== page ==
To dam or not to dam? In this particular case, to dam means to destroy needed ecosystems and further endanger more than 30 species of already endangered animals and displace hundreds of indigenous peoples.
“The Areng dam is unnecessary and surplus to requirements,” said Jenny Daltry, a senior conservation biologist with FFI. “Hundreds of households of an indigenous people, the Khmer Daeum, will be displaced and have to move. These are people who have been there for hundreds of years and who really do live in harmony with nature and have set up their own protected areas in the forest, and six villages of them will go, and possibly seven. In wildlife terms, it will be a disaster. The crocodiles, which represent at least a fifth of the world’s population in the wild, will disappear and there will be catastrophic damage to other wildlife.”
Crocodiles are vital for maintaining healthy wetlands: they control predatory fishes and by digging out channels, they ensure a constant water supply even through the dry season. Siamese crocodiles are also sacred to a number of ethnic minorities in Southeast Asia. They are not man-eaters, but prefer to feed on smaller prey, especially snakes, fish and rats.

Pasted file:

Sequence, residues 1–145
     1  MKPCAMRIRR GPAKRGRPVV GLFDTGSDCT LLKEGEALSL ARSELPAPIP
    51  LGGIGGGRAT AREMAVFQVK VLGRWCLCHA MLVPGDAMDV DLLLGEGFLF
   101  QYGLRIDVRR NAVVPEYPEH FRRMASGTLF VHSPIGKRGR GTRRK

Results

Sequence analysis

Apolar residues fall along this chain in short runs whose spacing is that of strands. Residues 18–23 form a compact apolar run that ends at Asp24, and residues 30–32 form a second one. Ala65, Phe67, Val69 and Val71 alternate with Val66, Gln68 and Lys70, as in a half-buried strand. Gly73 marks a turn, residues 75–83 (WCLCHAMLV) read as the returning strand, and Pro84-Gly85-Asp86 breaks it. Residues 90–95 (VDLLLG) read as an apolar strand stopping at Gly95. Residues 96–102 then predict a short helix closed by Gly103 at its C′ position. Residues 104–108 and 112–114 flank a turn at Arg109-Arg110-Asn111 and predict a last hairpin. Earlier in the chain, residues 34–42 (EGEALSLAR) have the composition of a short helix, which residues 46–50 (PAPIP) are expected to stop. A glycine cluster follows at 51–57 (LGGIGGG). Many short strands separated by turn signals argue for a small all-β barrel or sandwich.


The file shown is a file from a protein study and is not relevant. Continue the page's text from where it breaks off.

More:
To add salt to the wound – the people to be directly impacted were not even consulted.
“With no prior consultation, the first villagers knew of the project was when Chinese engineers turned up this year to start working on feasibility studies – details of which CSG and the Government are reluctant to discuss.
Environmentalists who have conducted their own studies say the dam’s lake will cover 110 square kilometres and displace thousands of Indigenous people in nine villages.
More than 200 animal species, including elephants, sun bears, leopards and the endangered Siamese crocodile would be affected upstream, Sam Chanthy said, head of the NGO Forum, a foreign-funded non-governmental organisation in Phnom Penh. Downstream, the delicate ecosystem of the flooded forest, home to some of the world’s rarest turtle species as well as hundreds of types of migratory fish, would also be hit by disruptions to water flow, he said. “It won’t take long for these invaluable assets to disappear when the dam is built,” Conservation International spokesperson Eng Polo said.”